True-false questions are typically used to measure the ability to identify whether statements of fact are correct. The questions are usually a declarative statement that the student must judge as true or false.
- Can cover a lot of content in a short time (about two questions per minute of testing time)
- The question is useful when there are only two possible alternatives.
- Less demand is placed on reading ability than in multiple-choice questions.
- Can measure complex outcomes when used with interpretive exercises.
- Scoring is easy and reliable.
- Difficult to write questions beyond the knowledge level that are free from ambiguity.
- False statements provide no evidence that the student knows the correct answer.
- Scores are more influenced by guessing than with any other question type.
- Cannot discriminate between students of varying ability as well as other questions.
- Requires that the answer to the question is absolutely true or false.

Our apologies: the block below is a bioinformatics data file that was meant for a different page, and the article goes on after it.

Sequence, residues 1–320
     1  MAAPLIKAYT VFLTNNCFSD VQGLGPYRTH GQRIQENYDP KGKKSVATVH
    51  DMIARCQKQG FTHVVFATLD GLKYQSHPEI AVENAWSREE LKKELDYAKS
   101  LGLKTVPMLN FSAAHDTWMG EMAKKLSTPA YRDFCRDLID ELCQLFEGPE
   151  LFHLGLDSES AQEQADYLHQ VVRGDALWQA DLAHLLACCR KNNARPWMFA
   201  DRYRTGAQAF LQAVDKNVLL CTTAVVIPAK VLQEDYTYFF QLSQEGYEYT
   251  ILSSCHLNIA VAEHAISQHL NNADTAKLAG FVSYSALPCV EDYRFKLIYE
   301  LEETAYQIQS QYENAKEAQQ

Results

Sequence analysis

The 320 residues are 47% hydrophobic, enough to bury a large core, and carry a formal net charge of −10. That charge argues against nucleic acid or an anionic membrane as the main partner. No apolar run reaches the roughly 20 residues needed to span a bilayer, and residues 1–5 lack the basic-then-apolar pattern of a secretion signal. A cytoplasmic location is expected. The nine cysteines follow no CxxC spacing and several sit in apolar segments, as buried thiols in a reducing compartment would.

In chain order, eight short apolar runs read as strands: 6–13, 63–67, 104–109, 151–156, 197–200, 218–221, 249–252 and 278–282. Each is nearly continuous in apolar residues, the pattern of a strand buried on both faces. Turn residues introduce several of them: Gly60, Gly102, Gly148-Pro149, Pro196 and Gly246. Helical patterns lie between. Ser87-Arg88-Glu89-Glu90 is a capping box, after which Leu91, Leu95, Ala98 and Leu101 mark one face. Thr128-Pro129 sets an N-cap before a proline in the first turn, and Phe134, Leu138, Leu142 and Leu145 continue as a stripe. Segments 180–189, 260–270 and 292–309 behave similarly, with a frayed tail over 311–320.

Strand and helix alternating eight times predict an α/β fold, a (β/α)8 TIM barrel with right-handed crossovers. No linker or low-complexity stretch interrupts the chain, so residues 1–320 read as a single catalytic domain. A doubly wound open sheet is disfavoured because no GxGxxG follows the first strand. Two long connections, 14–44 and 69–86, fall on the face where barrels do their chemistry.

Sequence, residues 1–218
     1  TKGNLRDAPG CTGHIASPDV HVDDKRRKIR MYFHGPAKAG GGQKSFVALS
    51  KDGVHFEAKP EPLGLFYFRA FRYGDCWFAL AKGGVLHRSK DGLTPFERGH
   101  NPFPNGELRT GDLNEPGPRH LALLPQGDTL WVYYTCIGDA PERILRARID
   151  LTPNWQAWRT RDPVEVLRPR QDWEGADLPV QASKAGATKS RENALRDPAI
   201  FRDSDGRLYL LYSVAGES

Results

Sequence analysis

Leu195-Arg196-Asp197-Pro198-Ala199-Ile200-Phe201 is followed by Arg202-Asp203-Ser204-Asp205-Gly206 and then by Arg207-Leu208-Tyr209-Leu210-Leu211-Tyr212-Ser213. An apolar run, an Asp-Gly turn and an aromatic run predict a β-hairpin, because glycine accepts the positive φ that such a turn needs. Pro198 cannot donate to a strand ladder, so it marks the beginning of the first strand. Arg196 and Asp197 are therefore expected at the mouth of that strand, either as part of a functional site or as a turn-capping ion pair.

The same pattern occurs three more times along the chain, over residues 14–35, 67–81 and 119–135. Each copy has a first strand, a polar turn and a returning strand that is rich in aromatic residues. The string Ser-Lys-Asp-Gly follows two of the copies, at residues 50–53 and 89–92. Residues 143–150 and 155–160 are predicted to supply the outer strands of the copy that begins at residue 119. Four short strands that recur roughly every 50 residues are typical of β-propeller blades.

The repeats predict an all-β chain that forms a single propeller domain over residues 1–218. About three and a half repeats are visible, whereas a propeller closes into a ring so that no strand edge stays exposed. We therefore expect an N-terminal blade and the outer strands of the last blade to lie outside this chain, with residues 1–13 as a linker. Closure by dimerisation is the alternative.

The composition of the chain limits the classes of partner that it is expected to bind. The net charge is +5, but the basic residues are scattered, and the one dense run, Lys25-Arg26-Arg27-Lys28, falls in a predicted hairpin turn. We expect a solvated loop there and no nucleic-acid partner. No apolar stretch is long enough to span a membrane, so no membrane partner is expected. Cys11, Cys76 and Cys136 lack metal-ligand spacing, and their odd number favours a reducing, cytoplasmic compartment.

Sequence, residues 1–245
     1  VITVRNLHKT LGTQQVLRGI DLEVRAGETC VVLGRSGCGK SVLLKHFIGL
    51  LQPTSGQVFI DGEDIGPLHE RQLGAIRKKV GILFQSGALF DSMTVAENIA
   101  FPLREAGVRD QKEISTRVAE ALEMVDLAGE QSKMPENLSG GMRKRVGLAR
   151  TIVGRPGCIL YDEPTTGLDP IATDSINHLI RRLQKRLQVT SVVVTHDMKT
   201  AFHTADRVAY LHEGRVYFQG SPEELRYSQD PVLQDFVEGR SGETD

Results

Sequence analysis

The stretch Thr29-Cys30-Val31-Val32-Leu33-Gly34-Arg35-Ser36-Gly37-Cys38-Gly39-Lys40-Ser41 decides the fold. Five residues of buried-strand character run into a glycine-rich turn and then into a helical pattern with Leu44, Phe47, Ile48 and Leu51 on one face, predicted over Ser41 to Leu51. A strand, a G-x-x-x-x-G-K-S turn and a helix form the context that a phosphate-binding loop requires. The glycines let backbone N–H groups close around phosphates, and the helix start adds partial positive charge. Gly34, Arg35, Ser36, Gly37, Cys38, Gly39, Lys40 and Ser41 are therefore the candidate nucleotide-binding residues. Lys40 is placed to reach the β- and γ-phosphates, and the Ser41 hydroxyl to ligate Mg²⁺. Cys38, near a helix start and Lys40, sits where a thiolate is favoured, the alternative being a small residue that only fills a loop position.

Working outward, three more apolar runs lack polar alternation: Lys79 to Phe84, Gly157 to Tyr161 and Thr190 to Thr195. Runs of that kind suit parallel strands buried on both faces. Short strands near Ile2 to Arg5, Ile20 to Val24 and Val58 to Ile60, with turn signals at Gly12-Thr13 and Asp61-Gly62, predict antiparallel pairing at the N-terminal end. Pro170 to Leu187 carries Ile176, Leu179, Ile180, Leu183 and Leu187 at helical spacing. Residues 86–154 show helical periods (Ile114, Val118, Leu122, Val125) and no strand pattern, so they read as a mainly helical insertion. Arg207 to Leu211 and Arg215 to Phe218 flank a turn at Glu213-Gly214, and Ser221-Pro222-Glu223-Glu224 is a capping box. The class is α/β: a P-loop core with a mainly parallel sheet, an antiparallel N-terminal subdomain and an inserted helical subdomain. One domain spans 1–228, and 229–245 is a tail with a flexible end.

Tips for writing true/false questions
- Construct statements that are definitely true or definitely false, without additional qualifications.
- Use relatively short statements.
- Eliminate extraneous material.
- Keep true and false statements approximately the same length.
- Include an equal number of true and false questions.
- Test only one idea in each question.
- Have students circle T or F for each question rather than write the letter which can lead to debate.
- Avoid verbal clues, specific determiners (e.g., the, a, an), and complex sentences.
- Avoid absolute terms such as, never or always.
- Do not arrange answers in a pattern (i.e., TTFFTTFF, TFTFTF).
- Avoid taking statements directly from text.
- Always state the question positively.
Scantron with A or B Responses
Circle Format with Correction
Check All That Apply